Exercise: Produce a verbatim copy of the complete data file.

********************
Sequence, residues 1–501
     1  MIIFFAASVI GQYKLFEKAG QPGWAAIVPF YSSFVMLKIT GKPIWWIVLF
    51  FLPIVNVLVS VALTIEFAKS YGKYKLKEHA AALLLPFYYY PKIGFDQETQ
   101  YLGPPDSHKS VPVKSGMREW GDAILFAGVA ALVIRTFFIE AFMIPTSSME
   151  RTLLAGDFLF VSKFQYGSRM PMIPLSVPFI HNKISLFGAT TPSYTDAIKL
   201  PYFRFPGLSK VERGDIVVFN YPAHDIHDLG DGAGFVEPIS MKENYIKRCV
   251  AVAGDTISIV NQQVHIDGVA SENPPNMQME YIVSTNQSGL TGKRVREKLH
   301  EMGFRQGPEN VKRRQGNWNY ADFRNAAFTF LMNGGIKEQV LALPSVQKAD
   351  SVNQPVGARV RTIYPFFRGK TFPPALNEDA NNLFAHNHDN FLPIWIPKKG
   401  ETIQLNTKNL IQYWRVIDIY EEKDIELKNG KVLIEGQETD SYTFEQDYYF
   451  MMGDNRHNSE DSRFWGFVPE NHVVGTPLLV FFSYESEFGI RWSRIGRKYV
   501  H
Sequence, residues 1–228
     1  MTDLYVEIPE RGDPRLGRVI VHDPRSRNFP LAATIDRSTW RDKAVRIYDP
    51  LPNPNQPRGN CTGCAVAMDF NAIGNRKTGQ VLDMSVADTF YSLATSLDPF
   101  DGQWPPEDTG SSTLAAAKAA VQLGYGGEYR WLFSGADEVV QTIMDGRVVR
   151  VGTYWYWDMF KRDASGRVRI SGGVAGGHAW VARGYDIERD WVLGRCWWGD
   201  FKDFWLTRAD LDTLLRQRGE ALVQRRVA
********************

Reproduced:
Sequence, residues 1–501
     1  MIIFFAASVI GQYKLFEKAG QPGWAAIVPF YSSFVMLKIT GKPIWWIVLF
    51  FLPIVNVLVS VALTIEFAKS YGKYKLKEHA AALLLPFYYY PKIGFDQETQ
   101  YLGPPDSHKS VPVKSGMREW GDAILFAGVA ALVIRTFFIE AFMIPTSSME
   151  RTLLAGDFLF VSKFQYGSRM PMIPLSVPFI HNKISLFGAT TPSYTDAIKL
   201  PYFRFPGLSK VERGDIVVFN YPAHDIHDLG DGAGFVEPIS MKENYIKRCV
   251  AVAGDTISIV NQQVHIDGVA SENPPNMQME YIVSTNQSGL TGKRVREKLH
   301  EMGFRQGPEN VKRRQGNWNY ADFRNAAFTF LMNGGIKEQV LALPSVQKAD
   351  SVNQPVGARV RTIYPFFRGK TFPPALNEDA NNLFAHNHDN FLPIWIPKKG
   401  ETIQLNTKNL IQYWRVIDIY EEKDIELKNG KVLIEGQETD SYTFEQDYYF
   451  MMGDNRHNSE DSRFWGFVPE NHVVGTPLLV FFSYESEFGI RWSRIGRKYV
   501  H
Sequence, residues 1–228
     1  MTDLYVEIPE RGDPRLGRVI VHDPRSRNFP LAATIDRSTW RDKAVRIYDP
    51  LPNPNQPRGN CTGCAVAMDF NAIGNRKTGQ VLDMSVADTF YSLATSLDPF
   101  DGQWPPEDTG SSTLAAAKAA VQLGYGGEYR WLFSGADEVV QTIMDGRVVR
   151  VGTYWYWDMF KRDASGRVRI SGGVAGGHAW VARGYDIERD WVLGRCWWGD
   201  FKDFWLTRAD LDTLLRQRGE ALVQRRVA